SAD strikes in summer too

    Like many people, Rob Lawruk is happier in the summer.

    Winter? Not his thing.

    “It’s just cold,” said Lawruk, who is studying education at Wilmington University. “It’s miserable, you gotta stay inside, you get cooped up, you’re around your roommates too much.”

    He said last week’s 100-degree temperatures didn’t bother him–he is an Iraq vet, and would go for a hike in triple-digit weather. While that might be a bit extreme, the scientific literature suggests that, overall, people are happier in the summer.

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    But there are exceptions. Seasonal Affective Disorder, or SAD, affects about 1 to 2 percent of Americans. While most suffer during the short days of winter, some sink into depression in the summer instead.

    “They may be doing fine during the fall and winter months, but somewhere during the spring and summer, they go through a profound annual mood change, and it’s a serious one,” said George Brainard, neurology professor and head of Thomas Jefferson University’s light-research program.

    There is no scientific consensus about the exact causes of wintertime SAD, though leading theories suggest it is likely due to a lack of sunlight disrupting circadian rhythms or melatonin production.

    Scientists know much less about summer depression, which Brainard said accounts for anywhere from 5 to 20 percent of SAD suffers.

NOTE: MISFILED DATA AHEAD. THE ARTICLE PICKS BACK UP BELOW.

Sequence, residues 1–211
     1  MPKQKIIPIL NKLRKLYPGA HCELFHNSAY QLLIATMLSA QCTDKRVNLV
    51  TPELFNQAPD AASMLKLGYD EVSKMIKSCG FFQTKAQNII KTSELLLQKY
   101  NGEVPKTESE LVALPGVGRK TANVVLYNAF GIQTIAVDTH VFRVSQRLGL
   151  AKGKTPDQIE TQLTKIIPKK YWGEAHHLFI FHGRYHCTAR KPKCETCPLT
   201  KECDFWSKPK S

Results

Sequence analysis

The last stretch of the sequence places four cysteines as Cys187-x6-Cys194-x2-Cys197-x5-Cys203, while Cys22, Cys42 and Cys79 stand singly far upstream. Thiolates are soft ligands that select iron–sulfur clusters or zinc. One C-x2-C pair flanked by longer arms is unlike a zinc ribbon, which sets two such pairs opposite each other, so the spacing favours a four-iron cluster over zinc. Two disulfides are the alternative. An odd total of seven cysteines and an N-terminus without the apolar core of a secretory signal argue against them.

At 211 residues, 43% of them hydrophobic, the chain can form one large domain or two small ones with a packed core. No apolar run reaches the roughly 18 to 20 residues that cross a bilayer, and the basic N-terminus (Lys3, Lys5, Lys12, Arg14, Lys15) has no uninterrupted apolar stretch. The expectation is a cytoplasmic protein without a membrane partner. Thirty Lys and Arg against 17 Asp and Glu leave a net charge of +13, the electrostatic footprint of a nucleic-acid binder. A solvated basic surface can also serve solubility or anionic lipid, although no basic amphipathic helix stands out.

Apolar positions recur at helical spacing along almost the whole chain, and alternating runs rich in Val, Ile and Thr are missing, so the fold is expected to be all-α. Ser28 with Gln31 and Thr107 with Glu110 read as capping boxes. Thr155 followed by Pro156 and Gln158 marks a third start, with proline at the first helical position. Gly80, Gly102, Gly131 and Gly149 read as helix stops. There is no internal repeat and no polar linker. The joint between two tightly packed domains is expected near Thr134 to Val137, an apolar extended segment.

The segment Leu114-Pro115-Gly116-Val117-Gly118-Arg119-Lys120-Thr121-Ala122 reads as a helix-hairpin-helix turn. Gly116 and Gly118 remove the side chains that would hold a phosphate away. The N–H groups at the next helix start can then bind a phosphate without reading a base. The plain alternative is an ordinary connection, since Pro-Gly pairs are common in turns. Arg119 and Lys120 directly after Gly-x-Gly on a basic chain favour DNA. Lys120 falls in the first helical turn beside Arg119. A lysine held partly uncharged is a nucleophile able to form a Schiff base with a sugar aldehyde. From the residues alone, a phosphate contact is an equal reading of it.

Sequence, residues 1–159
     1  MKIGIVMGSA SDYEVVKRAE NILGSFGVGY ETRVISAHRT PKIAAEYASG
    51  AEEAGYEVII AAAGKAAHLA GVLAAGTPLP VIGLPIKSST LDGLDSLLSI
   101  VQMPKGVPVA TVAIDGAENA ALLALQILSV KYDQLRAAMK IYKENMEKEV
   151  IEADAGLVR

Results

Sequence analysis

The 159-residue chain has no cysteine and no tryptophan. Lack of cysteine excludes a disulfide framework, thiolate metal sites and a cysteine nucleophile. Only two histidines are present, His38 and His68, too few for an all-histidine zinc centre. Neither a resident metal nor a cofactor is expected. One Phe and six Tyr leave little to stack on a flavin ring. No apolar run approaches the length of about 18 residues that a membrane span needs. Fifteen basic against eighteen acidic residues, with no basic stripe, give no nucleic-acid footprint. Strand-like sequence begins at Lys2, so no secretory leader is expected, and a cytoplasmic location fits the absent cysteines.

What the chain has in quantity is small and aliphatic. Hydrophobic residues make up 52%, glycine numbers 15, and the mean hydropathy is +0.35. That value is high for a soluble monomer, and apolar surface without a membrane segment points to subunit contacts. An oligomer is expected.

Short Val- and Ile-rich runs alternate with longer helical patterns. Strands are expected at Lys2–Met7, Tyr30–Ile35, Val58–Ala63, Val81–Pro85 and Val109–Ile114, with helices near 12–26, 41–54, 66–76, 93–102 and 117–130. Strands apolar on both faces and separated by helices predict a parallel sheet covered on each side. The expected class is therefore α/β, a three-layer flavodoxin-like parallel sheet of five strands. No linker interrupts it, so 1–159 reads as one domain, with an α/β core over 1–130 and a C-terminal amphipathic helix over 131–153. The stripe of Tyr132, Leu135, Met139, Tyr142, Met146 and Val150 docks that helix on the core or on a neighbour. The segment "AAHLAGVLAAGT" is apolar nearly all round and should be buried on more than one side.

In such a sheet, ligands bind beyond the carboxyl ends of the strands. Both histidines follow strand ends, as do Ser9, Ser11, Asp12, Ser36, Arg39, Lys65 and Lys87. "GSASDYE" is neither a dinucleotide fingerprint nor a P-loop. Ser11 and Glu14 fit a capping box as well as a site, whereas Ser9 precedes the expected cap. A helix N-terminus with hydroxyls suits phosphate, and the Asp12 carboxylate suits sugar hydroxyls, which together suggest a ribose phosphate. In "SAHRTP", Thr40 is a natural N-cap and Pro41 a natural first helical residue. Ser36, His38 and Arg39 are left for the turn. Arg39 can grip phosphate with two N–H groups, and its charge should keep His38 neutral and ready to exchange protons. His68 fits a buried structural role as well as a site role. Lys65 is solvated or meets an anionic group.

There are two general theories.

    “One is increased light exposure somehow triggers it,” Brainard said. “Because of course there’s a lot more ambient sunlight, the weather is nice, and people get out more, and they’re exposed to more light and it triggers it somehow. That’s one idea.”

    The other idea is that it may be triggered by heat. Not surprisingly, light therapy, which has proved very effective for wintertime sufferers has not worked for those affected in the summer. Some find relief in staying in air conditioning or going swimming frequently.

    Antidepressant medication is the only proven effective treatment. The earlier in the season a drug regime is started, the better it works, said Brainard.

    “It’s easier to forestall the occurrence of summer depression than it is to reverse it once the thing has fully set in,” he said.

    Those with winter depression crave high-carbohydrate foods and often gain 10 to 30 pounds over a season, while those with summer depression do not. Summer SAD sufferers, however, are more likely to have suicidal thoughts.

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